Then in 2016, John Eastman’s use of the altered quote was challenged by Linda Chavez (who had served as staff director of the U.S. Commission on Civil Rights under Ronald Reagan). In an extended response to Eastman, which led to an even more extended back-and-forth with him, Chavez wrote, “In his National Review article, Eastman cleverly inserts his own ‘[or]’ before the restrictive clause in Howard’s quotation. But no such ‘or’ is in the original! Neither is one intended, as the full debate makes clear.”

In answering Chavez, Eastman said (as had Pulliam before him) that he was merely trying to clarify what he thought was Howard’s intended meaning. He also argued that Chavez had erred “by treating the notes of the congressional record as though it were a verbatim transcript, capturing both every word and every nuance that was spoken.” But interestingly, Pulliam had said precisely the opposite in response to the criticism of his use of the altered  quote. According to Pulliam, “The debates of the 39th Congress are transcribed verbatim, with grammatical anomalies, gaps in syntax, and some puzzling contradictions.” (It seems to me that Pulliam has the better of this disagreement. By the time of the debate on the 14th Amendment, proceedings on the Senate floor were recorded by shorthand reporters, so they were presumably at least intended to be verbatim transcripts. Of course, that doesn’t mean that there were no transcription errors, but if someone wants to rely on the Congressional Globe as a record of the Congressional proceedings, we have no option but to assume that it is accurate.)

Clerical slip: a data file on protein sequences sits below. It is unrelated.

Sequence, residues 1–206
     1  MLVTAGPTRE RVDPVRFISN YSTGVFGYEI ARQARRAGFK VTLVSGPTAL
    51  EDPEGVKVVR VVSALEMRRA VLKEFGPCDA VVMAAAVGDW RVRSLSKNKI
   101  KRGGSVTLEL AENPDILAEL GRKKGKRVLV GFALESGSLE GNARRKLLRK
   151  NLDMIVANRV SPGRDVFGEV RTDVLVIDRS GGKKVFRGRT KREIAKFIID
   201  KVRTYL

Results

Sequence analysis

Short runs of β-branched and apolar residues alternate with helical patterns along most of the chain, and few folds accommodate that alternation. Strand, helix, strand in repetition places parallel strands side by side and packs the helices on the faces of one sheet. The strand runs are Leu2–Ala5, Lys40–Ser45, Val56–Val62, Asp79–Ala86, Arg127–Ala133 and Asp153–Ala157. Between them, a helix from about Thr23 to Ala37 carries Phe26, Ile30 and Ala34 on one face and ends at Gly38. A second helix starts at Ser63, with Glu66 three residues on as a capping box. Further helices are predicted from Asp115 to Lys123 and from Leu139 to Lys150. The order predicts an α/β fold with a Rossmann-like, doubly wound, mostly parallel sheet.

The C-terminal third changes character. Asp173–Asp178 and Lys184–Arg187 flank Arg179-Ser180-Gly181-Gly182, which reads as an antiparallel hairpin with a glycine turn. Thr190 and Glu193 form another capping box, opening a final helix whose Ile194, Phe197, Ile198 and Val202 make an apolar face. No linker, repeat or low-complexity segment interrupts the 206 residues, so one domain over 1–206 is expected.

Meanwhile, back here in the present, Anton’s alteration of Senator Howard’s statement has been widely condemned. Here is some of what Anton’s critics have said:

Anton quietly supplied the word or to make it appear that two different definitions were being offered—either a diplomat or a foreigner. But in fact, what Howard was saying was simple: American-born children of diplomats are not birthright citizens—because they and their parents are immune from American laws. [Garrett Epps.]

By adding the word or, Anton creates the false impression that Howard spoke of three different groups—“foreigners,” “aliens,” and the children of ambassadors. But in reality, Howard described a single group: the children of ambassadors, whom he characterized (correctly) as “foreigners” and “aliens.” Howard did not intend to exclude all children of foreigners from citizenship. He merely noted that, under long-standing international custom, the offspring of diplomats abroad do not receive the citizenship of their host country. [Mark Joseph Stern.]

Anton wants the reader to believe that [Howard] is listing distinct categories of individuals. What [Howard] was actually doing was listing synonyms to describe the same category of individuals, namely the children of foreign officials. [Daniel Drezner.]

Two years earlier, Linda Chavez had made essentially the same point in her response to John Eastman:

The words “foreigners, aliens,” are in apposition to each other; that is, they mean the same thing and are repeated for effect. More importantly, the words do not stand alone; they are followed by a restrictive modifying clause: “who belong to families of ambassadors or foreign ministers.” Howard intended to exclude only those foreigners (i.e. aliens) who belong to the families of ambassadors or foreign ministers; otherwise, as he clearly stated, all other persons born in the U.S. were to be considered citizens by birth.